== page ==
This week marks ten years since Georgia lived through a dramatic five day war with the Russian Federation. On 12 August 2008, the EU brokered a ceasefire deal bringing an end to open warfare – but not to conflict, explains Ketevan Tsikhelashvili.
Foreign affairs chiefs from Poland, Lithuania, Latvia and Ukraine met in Georgia this week to take part in commemorations marking 10 years since Russia’s invasion of the Caucasus Republic during 2008's August War.
Ten years ago, in August 2008, Russia and Georgia went to war over South Ossetia, a small separatist Georgian region which Moscow would later controversially recognise as independent, in the face of international criticism.
Georgia said on Tuesday (29 May) it had started procedures to sever diplomatic relations with Syria after Damascus recognised its breakaway regions as independent states, a move Tbilisi dubbed manipulation from Russia.
A flurry of diplomatic activity continued in Astana on Wednesday (1 November), marked by the visit of the King of Jordan, Abdullah II, who was awarded a prize for fighting against nuclear proliferation.
The breakaway strategy should be understood as part of Russia's broader efforts to keep its sphere of influence in the former Soviet periphery intact so as to buffer against foreign rivals, writes Eugene Chausovsky.
The foreign ministers of the 28 EU countries have redefined yesterday (17 October) the Union foreign policy priorities for 2016 and the basis of its relations with Russia and the countries of the Eastern neighbourhood.
Pope Francis yesterday (2 October) called for a "stable peace" as he visited mainly Muslim Azerbaijan, several months after pushing for an end to a festering territorial feud while in arch-foe Armenia.
The prosecutor of the International Criminal Court (ICC) said yesterday (13 October) she would investigate both sides in the 2008 war between Russia and Georgia for crimes, including the killing of peacekeepers and attacks on civilians.
The EU is ready to suspend sanctions against Belarus President Alexander Lukashenko, in a shift following the release of the country's last political prisoners, European sources told AFP today (9 October).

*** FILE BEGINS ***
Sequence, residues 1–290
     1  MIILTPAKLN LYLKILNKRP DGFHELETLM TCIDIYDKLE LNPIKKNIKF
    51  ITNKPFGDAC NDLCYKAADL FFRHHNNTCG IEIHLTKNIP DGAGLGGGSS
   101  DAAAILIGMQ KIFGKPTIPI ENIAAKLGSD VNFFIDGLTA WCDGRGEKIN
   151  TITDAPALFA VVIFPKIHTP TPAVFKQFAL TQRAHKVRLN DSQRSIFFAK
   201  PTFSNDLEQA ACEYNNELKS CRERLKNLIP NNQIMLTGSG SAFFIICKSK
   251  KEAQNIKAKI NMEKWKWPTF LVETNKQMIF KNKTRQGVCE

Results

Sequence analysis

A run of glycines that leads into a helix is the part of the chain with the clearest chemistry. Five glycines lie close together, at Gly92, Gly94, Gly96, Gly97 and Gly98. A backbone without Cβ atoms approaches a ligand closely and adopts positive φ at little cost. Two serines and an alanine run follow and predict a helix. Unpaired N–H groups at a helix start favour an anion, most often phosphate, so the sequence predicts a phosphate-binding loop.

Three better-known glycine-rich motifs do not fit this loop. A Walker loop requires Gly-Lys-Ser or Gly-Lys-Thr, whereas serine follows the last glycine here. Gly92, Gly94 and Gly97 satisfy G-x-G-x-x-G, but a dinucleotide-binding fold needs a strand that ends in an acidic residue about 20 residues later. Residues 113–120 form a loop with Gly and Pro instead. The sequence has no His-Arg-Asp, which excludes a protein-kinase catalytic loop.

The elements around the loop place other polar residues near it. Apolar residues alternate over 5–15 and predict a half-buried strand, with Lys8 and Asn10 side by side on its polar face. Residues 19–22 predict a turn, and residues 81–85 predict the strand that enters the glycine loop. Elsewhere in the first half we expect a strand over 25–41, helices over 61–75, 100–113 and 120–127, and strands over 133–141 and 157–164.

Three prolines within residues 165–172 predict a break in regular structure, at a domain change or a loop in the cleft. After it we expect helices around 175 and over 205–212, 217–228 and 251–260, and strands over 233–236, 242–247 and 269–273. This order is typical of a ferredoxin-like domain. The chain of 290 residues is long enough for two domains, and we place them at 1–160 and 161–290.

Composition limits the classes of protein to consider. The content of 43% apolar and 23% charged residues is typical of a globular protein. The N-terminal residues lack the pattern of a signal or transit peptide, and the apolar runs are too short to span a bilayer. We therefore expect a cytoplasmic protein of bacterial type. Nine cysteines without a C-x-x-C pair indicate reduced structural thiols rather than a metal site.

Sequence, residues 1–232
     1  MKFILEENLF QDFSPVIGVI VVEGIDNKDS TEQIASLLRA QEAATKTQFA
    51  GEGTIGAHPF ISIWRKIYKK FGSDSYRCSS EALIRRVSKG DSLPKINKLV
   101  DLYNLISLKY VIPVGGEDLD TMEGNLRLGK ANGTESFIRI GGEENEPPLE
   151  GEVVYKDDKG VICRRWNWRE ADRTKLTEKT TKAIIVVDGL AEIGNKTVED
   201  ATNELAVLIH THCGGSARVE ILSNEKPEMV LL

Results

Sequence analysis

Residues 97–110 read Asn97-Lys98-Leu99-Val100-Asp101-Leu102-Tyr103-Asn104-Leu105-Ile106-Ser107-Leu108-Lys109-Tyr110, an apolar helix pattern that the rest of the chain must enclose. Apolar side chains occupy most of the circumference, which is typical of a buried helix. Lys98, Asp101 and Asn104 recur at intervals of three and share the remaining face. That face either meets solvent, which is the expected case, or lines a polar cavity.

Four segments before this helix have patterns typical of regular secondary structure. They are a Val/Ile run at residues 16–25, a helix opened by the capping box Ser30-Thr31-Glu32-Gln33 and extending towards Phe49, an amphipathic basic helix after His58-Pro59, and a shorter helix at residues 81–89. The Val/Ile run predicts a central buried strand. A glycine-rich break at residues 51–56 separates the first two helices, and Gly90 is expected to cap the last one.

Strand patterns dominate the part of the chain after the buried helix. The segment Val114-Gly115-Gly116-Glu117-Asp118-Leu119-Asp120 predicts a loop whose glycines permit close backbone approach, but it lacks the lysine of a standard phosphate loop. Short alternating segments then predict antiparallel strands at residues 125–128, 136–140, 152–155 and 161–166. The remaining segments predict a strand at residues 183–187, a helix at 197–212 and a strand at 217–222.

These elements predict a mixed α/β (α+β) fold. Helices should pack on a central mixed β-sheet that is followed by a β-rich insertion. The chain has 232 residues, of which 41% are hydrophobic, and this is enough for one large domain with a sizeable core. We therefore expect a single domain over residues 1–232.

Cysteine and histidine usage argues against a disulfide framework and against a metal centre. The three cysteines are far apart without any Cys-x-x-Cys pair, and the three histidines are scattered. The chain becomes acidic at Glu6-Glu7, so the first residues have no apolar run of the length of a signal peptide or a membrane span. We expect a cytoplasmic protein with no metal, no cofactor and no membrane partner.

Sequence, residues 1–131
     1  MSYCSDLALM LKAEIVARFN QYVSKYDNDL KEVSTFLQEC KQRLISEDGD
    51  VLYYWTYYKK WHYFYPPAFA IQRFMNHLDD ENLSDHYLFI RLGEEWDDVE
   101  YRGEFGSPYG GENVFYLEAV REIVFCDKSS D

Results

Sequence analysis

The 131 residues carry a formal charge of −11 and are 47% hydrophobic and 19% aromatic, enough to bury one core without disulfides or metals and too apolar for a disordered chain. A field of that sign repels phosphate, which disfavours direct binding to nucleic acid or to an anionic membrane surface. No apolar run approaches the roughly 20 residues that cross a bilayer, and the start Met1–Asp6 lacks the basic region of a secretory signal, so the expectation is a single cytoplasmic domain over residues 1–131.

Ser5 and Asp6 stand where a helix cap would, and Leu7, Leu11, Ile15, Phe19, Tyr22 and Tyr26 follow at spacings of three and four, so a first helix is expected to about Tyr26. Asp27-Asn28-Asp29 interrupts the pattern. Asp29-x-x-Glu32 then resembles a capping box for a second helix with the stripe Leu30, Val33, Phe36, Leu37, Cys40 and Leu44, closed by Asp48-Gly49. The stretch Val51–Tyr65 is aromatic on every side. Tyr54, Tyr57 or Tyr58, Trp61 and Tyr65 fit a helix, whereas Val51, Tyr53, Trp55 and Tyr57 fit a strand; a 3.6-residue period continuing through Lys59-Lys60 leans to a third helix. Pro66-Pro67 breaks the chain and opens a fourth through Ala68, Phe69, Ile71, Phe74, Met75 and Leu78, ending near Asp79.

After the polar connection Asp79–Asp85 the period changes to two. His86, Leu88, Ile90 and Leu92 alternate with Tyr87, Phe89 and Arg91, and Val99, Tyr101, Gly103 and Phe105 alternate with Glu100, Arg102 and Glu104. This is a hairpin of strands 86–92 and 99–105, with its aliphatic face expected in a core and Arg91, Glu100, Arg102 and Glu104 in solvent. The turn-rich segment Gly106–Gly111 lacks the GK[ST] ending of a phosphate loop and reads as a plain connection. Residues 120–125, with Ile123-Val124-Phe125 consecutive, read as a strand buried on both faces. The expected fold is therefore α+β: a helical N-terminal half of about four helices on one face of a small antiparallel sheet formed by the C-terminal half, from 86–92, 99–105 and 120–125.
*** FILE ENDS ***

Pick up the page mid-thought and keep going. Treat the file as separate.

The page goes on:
Russia signed a wide-ranging alliance with Georgia's breakaway region of South Ossetia on Wednesday (18 March), which will further cement its control over the territory, despite fierce condemnation from the West.
As a consequence of the Eurozone crisis, racism is on the rise, in the same way that the 1929 crisis inspired anti-Semitism. But this time the scapegoats are Muslims, Turkish Prime Minister Ahmet Davuto?lu told a Brussels audience on Thursday (15 January).
President Vladimir Putin signed a "strategic partnership" agreement with Georgia's breakaway region of Abkhazia yesterday (24 November), angering Tbilisi, which said Moscow was looking to annex the territory.
Russian President Vladimir Putin is gambling that his short-term hard power will prevail in Ukraine, while the West is hoping that its superior long-term soft power will succeed. The stakes couldn’t be higher, writes Elizabeth Pond.
If there is consensus on one thing in Georgia, it is the country’s pro-western course of European and trans-Atlantic integration, the Georgian foreign minister Maia Panjikidze told EURACTIV Germany in an exclusive interview.
Georgia’s foreign policy priorities have not changed since last year’s election which brought to power Georgian Dream party of Bidzina Ivanishvili, but relations with Russia are improving, writes Tedo Japaridze.
It was the West's recognition of Kosovo's independence from Serbia, a traditional ally of Russia, in early 2008, that triggered events that led to the occupation by the Russian army of 20% of Georgia’s territory, writes Stratfor.